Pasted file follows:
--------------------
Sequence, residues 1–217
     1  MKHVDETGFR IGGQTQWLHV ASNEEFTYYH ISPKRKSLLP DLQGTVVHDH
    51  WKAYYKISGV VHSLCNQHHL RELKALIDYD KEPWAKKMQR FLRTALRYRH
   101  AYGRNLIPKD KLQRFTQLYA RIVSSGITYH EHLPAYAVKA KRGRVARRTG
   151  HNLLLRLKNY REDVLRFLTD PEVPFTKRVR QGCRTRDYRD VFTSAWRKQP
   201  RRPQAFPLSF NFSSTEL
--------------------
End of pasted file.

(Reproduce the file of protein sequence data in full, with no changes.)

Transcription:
Sequence, residues 1–217
     1  MKHVDETGFR IGGQTQWLHV ASNEEFTYYH ISPKRKSLLP DLQGTVVHDH
    51  WKAYYKISGV VHSLCNQHHL RELKALIDYD KEPWAKKMQR FLRTALRYRH
   101  AYGRNLIPKD KLQRFTQLYA RIVSSGITYH EHLPAYAVKA KRGRVARRTG
   151  HNLLLRLKNY REDVLRFLTD PEVPFTKRVR QGCRTRDYRD VFTSAWRKQP
   201  RRPQAFPLSF NFSSTEL